3. Ineffective: If the bride or groom’s goal is to get people to shake their booties, there are easier ways to do it, like hiring a good DJ or leading by example and shaking it themselves. Because, really, I think that wedding guests can sense the awkwardness of the attendants’ dance, and I don’t know anyone particularly inspired by embarrassment.

I’d recommend that any bridesmaids like myself who aren’t keen on dancing with a random groomsman and suspect that the bride is considering an attendants’ dance at the reception suggest letting all of the enrelationshipped attendants dance with their SOs and then, halfway through the dance, inviting other couples to join them for a special slow dance. Or better yet, suggest that the marrying couple not force their wedding guests to sit through one more spotlit dance.

Now I have to ask: Bridesmaids and former bridesmaids, have you ever found yourself on the parquet in the arms of someone just awful because you were obliged to participate in an attendants’ dance?

(Image via BeDazzled Photography)

LOVE/HATE: The ‘Mustachioed Mamas’ Edition

Two years ago, Offbeat Bride declared that mustaches were hot. That may have been, but the fervor either hasn’t cooled or the trend has come around again or mustaches are just now making their way into the mainstream. Because you know what? I am seeing more and more mustache wedding gear, from the recently posted mustache wedding stationery set to wedding pictures that feature everyone from the bride and groom right on down the line wearing fake ‘staches.

Being that it’s bridesmaids week here at Manolo for the Brides, I had to, of course, find a snap of bridesmaids sporting the mustache look. (And now, of course, I can’t find the photo source so if anyone happens to know, speak up.) I personally am pretty cool when it comes to being silly – act my shoe size? No prob! – and I love the idea of asking people to participate in zany reception activities. But I know plenty of people out there endeavor to be way more dignified in their daily lives than yours truly. So I want to hear from bridesmaids: Should brides and grooms take those folks into account when they ask their attendants to play dress up in the wedding pics? Or since bridesmaids and groomsmen technically have the right to say nay, is it okay to require that props be used in the photos?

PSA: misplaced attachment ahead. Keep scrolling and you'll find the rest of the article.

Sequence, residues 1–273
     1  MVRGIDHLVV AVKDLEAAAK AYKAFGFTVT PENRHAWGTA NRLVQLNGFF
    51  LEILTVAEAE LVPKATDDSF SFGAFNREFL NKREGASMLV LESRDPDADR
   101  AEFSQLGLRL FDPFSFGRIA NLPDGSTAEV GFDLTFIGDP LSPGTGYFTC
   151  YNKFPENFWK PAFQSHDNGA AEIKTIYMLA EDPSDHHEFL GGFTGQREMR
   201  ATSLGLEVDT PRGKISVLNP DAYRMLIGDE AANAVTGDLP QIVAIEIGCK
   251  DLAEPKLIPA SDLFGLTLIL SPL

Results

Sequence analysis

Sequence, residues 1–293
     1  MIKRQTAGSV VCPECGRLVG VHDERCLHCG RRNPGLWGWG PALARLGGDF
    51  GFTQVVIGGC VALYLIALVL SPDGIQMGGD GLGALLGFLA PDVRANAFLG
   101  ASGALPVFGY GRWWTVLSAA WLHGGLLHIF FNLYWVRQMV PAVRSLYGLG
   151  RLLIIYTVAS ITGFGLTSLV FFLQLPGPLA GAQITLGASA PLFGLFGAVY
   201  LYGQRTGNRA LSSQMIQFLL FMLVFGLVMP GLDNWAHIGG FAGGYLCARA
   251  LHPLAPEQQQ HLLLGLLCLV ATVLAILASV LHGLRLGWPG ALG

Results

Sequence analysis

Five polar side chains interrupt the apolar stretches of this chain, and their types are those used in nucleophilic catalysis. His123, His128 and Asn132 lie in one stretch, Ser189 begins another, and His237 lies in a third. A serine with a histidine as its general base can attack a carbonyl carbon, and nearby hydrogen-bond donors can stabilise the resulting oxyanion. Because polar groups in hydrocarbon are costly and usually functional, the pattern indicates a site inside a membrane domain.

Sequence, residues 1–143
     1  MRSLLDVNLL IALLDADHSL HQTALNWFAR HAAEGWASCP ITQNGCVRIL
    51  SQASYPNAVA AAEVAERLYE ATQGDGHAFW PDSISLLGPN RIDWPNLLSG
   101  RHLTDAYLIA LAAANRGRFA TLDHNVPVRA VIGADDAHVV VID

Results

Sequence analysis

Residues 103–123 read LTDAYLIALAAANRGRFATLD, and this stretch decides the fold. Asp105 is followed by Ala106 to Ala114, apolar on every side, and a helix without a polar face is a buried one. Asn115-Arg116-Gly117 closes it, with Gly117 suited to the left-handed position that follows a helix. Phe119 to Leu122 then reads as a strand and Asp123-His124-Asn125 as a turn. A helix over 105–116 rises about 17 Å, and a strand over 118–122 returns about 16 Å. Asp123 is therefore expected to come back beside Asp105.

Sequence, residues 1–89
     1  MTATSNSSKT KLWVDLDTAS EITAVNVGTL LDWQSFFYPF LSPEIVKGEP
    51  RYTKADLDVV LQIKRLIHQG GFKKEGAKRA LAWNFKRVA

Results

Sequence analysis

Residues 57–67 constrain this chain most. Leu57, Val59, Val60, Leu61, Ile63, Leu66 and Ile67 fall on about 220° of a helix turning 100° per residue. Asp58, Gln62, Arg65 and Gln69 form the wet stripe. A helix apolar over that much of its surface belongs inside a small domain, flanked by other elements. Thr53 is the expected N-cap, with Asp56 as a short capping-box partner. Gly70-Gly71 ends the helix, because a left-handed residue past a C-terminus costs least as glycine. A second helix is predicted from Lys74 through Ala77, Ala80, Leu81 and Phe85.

How Much Is Too Much to Ask?

Brides can ask a lot from their bridesmaids. Not all brides, of course, but some do expect their bridesmaids to enthusiastically assemble favor boxes, address envelopes, fly to Vegas, and so forth. And most brides do expect their bridesmaids to at least buy matching or coordinating dresses, though there are a unique few who ask for nothing more than a LBD, preferably one that’s already in the bridesmaids’ closets. So what I’m wondering today, on this, the third day of bridesmaids’ week, is how much is too much when it comes to brides asking bridesmaids to put time, effort, and money into their wedding day ensemble? Is it okay, for example, for brides to:

Ask their bridesmaids to buy matching shoes?

How about adding the expense of matching jewelry on top of the dress and the shoes?